June 26th, 2019

Outrage continues over officer’s killing of deer while authorities request calm during investigation

By None on January 10, 2019.

Tim Kalinowski

Lethbridge Herald

Outrage continues to grow over a video showing a Lethbridge Police officer euthanizing an injured deer by repeatedly driving over it with his police vehicle.

Edmonton resident Tara Daubert, a stay-at-home mom with no formal ties to animal rights organizations, saw the video late Tuesday afternoon and felt compelled to start a an online petition at Change.org demanding the officer involved be fired. By late Wednesday afternoon, the petition had already garnered more than 15,000 signatures.

“I saw the video on the news and it sparked outrage in my heart,” Daubert told the Herald. “Animals don’t have voices so they usually rely on us to be their voice. I knew something had to be done.”

Daubert called the LPS officer’s actions “an inhumane and disgusting act of cruelty.”

“I am hoping ASIRT as they are investigating take into account this petition,” she said. “I am hoping for an outcome that takes this officer off the job. If he is willing to do this to an animal, it really calls into his question his (judgement) to be a police officer. What he did was needlessly cruel, and that is not a quality I want in a police officer. A police officer is here to protect the community, and also to be a role model.”

Daubert was echoed in these comments by many on social media, and by at least one national animal rights organization.

“Animal cruelty is a very serious criminal offence, and there is little doubt that this poor deer suffered immensely while the officer repeatedly ran her over with a heavy truck,” said lawyer Camille Labchuk, executive director of Animal Justice, in a statement released to local media Wednesday afternoon.

“ASIRT must investigate this disturbing incident with a view to determining whether criminal animal cruelty charges should be laid. Police officers are not above the law. On the contrary, they are sworn to uphold the law. For that reason, animal abuse of this nature by a police officer is particularly disturbing and must be taken seriously.”

Barb Grodzicky, manager of the Lethbridge and District Humane Society, said cases of cruelty to wild animals were beyond the jurisdiction of her organization to investigate, but she admitted to being shaken after viewing video footage of the incident.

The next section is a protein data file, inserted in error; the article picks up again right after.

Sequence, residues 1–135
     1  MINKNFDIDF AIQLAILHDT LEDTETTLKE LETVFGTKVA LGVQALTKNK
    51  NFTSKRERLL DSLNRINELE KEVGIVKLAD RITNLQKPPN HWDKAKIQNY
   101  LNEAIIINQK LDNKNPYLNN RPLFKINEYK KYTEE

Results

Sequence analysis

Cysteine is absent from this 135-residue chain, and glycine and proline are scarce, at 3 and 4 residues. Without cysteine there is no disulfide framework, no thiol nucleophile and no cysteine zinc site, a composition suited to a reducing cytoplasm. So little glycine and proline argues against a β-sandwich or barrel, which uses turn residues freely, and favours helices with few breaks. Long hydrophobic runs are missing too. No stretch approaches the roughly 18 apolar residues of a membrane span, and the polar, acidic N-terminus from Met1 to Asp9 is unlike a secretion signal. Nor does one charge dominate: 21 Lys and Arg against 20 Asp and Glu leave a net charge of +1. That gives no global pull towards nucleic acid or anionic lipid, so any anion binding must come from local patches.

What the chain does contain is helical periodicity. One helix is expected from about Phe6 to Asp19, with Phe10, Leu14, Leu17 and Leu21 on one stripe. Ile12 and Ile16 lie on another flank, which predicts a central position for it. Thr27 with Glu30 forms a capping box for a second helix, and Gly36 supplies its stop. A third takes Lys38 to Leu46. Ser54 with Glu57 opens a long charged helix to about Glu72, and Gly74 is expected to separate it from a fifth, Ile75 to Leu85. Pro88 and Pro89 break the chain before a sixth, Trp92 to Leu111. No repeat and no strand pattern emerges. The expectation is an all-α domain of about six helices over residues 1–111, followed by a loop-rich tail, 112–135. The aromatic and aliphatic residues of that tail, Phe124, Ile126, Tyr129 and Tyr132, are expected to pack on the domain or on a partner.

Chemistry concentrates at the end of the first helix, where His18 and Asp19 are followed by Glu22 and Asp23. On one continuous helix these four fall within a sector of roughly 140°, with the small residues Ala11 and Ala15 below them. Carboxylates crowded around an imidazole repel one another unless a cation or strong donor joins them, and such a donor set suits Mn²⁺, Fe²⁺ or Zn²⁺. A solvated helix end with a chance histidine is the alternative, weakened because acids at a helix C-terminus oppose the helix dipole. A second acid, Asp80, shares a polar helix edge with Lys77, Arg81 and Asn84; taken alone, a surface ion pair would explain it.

“We have seen a lot of different things with animal cruelty,” she said. “This story is hard to read, and the video is very disturbing to watch.”

Local officials with Alberta Fish and Wildlife, when asked about the best procedures to humanely euthanize wild animals which had been struck on highways with vehicles, said they have been directed to not publicly comment on matters related to this case, and to await the outcome of the ASIRT investigation.

A press release from ASIRT released Wednesday afternoon confirmed Alberta Fish and Game’s Wildlife Enforcement unit and the Alberta SPCA would both now be joining ASIRT in examining the officer’s actions, and asked the public to let the investigation take its course.

“This matter has already received considerable public attention and interest,” ASIRT said in a statement. “The video is disturbing, prompting many to step forward to make complaints to various agencies including ASIRT, FWE, Alberta SPCA, Lethbridge and District Humane Society and, of course, LPS. We are fortunate to be part of the Canadian community where people care about the treatment of others, including animals. That passion however, must not supersede reason. The situation has escalated to reported death threats against the unidentified officer. These actions are now under investigation by LPS.”

The Lethbridge Police Service also called for calm during the investigation.

“We understand this situation is extremely upsetting to the community and those who have viewed the video have been deeply impacted,” the LPS said in a statement. “LPS takes this matter very seriously and can assure the public the incident is under full investigation by (ASIRT) with the assistance of both Alberta Fish and Wildlife and the Alberta SPCA.”

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